GM to Have Self-Driving Cars by End of Decade
Distracted driving could become a thing of the past in several years, once all vehicles on the road are equipped with the technology that drives cars without the help of the humans riding in them. GM has announced it is working on a partially self-driving car to be in production by the middle of the decade, with fully self-driving cars available by the end of the decade.
“The technologies we’re developing will provide an added convenience by partially or even completely taking over the driving duties,” Alan Taub, vice president of Global Research and Development at General Motors, said recently at the Intelligent Transport Systems World Congress in Orlando, Florida. “The primary goal, though, is safety. Future generation safety systems will eliminate the crash altogether by interceding on behalf of drivers before they’re even aware of a hazardous situation. GM has made a commitment to be at the forefront of this development.”
The technologies Taub was referring to include sensors, radar, portable communication devices, GPS, and cameras that supply critical information to the driver and the vehicle’s computer system. And, when combined with digital maps, these technologies will free up the driver to focus on other things while the car drives itself.
Some of these systems are already in use at GM, including a lane-departure warning system available in the Chevrolet Equinox and GMC Terrain; a side blind-zone alert that is an option on the Cadillac Escalade, GMC Yukon, and Chevrolet Tahoe and Suburban; and backup cameras available in many GM vehicles, such as the Equinox and Terrain.
Systems under development at GM will move cars towards autonomous driving. They include what GM calls in a press release “an industry-first” crash avoidance system, available on the 2012 GMC Terrain. It uses a high-resolution camera mounted on the windshield ahead of the rear-view mirror to help drivers avoid front-end and lane-departure crashes. The camera looks for shapes of vehicles and lane markings and alerts the driver when the car is veering out of lane and about possible collisions.
In addition, GM is working on auto safety communications systems that gather information from other vehicles, roads, and traffic signals to warn drivers about possible hazards in the road — such as slow or stalled vehicles, drivers who brake suddenly, slippery conditions, and sharp curves ahead — as well as stop signs and intersections. These systems, which have been on display at the ITS World Congress this week, can be embedded in a vehicle or added as smartphone apps that connect wirelessly to the vehicle.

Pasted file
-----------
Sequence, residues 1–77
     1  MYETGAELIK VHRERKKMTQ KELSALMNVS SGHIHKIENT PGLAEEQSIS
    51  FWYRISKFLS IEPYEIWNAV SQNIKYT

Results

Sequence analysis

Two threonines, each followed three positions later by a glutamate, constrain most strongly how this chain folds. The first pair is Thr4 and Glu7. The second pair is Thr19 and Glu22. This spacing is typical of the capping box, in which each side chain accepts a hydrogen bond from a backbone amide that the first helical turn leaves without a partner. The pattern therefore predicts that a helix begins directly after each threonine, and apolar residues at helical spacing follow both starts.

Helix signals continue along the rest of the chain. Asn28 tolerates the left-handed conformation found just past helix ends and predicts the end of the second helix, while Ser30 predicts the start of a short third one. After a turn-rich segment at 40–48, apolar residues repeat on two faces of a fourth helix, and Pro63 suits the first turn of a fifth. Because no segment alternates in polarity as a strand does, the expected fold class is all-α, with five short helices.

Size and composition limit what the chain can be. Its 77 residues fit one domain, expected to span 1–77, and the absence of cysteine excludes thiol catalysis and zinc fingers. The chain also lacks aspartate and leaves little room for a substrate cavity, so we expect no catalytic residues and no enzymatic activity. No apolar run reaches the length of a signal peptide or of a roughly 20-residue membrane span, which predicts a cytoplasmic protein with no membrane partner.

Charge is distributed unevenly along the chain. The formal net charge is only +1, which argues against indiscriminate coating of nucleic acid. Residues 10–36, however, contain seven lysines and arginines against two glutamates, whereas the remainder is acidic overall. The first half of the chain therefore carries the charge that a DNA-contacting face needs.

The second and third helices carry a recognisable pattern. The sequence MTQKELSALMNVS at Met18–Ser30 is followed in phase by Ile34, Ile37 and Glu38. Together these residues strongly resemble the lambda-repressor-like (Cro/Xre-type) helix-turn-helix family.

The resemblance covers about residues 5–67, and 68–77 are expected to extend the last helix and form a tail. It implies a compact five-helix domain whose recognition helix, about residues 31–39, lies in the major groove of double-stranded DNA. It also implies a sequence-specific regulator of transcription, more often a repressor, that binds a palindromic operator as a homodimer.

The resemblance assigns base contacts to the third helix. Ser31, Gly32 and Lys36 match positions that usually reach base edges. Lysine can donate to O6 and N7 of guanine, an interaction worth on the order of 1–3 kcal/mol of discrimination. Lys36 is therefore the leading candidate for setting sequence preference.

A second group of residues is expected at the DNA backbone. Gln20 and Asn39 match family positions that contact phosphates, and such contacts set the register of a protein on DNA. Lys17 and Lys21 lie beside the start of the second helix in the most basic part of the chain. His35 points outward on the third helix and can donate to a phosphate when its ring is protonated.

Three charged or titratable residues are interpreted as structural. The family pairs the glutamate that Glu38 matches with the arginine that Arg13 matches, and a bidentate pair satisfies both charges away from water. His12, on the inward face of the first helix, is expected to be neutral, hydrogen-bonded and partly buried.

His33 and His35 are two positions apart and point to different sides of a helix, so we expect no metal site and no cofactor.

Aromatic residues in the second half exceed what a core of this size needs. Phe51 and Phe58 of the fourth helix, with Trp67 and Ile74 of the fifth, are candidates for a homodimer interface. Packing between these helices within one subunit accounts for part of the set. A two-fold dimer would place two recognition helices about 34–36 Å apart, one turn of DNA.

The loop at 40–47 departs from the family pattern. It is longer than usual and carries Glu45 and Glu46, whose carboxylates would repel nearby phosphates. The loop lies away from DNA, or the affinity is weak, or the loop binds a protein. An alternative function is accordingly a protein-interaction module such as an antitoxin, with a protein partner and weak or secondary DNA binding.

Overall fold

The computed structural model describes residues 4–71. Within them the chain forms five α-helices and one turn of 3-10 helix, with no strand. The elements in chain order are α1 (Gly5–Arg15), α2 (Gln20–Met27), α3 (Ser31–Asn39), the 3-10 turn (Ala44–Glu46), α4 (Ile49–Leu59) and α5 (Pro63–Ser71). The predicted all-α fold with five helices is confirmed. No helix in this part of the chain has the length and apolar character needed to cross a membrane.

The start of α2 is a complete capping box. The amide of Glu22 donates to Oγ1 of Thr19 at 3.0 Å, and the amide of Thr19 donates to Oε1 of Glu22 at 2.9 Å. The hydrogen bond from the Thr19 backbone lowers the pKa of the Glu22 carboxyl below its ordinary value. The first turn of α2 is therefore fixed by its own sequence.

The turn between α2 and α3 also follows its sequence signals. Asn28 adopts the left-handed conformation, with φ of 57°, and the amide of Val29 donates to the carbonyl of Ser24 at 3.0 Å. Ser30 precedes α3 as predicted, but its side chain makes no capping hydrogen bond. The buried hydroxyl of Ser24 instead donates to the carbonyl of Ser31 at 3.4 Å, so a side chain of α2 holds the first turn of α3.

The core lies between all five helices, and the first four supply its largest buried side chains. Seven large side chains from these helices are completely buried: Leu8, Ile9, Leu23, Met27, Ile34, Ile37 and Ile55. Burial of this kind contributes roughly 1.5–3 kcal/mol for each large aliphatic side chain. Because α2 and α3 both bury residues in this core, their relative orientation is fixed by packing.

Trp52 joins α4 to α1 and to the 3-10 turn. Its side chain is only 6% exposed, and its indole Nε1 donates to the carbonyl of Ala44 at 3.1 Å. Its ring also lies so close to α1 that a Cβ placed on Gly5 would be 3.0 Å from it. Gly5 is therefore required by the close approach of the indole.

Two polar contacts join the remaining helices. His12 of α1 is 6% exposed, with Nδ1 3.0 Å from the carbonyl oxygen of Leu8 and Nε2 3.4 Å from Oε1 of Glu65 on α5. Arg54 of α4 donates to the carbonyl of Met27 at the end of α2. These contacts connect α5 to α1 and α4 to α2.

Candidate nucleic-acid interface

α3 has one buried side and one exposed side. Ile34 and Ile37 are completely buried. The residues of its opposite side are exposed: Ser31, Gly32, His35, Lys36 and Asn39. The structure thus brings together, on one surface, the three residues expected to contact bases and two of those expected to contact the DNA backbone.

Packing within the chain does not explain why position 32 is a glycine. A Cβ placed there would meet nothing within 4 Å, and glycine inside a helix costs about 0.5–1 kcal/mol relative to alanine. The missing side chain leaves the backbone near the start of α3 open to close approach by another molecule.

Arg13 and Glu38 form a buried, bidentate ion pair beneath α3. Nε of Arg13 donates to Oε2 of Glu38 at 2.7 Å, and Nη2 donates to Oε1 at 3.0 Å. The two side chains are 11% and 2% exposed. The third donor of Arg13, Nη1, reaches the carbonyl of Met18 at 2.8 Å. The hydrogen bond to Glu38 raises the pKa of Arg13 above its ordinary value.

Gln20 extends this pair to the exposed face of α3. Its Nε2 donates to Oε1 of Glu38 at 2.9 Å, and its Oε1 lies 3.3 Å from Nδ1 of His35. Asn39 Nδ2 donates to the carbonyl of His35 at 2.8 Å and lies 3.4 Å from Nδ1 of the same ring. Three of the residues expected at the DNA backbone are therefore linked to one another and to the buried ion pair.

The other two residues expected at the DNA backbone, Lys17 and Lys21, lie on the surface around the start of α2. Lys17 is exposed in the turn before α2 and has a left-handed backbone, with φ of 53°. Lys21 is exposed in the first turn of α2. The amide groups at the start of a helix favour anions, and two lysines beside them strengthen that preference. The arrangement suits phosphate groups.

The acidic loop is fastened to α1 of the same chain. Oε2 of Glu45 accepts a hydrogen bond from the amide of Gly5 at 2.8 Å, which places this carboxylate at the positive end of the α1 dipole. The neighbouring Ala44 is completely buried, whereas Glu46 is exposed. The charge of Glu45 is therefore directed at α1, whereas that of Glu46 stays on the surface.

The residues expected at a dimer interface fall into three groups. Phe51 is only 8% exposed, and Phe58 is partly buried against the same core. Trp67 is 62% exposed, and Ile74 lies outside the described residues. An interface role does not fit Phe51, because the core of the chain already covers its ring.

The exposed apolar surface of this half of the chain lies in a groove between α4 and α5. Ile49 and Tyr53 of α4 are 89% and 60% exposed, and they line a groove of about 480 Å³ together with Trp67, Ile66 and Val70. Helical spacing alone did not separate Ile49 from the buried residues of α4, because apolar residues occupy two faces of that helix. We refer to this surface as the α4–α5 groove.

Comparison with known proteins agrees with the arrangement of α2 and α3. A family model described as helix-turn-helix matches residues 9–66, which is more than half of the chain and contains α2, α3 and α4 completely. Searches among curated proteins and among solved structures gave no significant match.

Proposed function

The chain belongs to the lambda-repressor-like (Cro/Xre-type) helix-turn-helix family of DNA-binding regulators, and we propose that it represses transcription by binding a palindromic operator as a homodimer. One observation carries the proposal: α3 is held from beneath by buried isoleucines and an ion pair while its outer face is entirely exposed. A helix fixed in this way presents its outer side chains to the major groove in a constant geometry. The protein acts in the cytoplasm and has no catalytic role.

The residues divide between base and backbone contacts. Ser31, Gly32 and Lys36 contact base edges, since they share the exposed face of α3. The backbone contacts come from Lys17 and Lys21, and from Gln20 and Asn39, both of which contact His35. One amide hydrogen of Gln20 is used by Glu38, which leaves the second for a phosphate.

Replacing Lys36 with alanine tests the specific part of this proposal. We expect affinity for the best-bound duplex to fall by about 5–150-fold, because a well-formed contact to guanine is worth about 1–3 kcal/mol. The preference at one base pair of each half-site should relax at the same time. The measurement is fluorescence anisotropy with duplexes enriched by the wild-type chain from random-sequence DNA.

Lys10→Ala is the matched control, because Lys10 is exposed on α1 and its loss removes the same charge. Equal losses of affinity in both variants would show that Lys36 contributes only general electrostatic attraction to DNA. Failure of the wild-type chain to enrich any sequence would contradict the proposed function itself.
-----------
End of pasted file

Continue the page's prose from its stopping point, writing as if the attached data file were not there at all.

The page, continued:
There is also a GM system in development called the EN-V urban mobility concept, which enables autonomous driving by combining GPS with communication between vehicles, plus distance-sensing technologies. This system makes it possible for the car to detect pedestrians, avoid accidents, park itself, and even drive to pick up the person or people riding in the car via commands from a smartphone.
Carmakers are determined to put us, drivers, out of the equation of… actually driving their vehicles. Not forgetting Google’s intensive lobbying, after VW and BMW, General Motors is the latest company to join the ranks of the autonomous vehicle pioneers. […]
GM has been exploring self-driving vehicles since 2007 when it developed in collaboration with Carnegie Mellon University, an autonomous Chevrolet Tahoe that won the DARPA Urban Challenge, a 60-mile test involving merging in traffic, overtaking, parking and negotiating intersections.
So, ladies and gentlemen, fasten up your seatbelts ‘cause very soon you will literally be taken for a ride. You’d better snag that Camaro ZL1 and enjoy it while you can: driving pleasure may become a thing of the past if some bright minds get their way.
Image by GM, used under Fair Use: Reporting.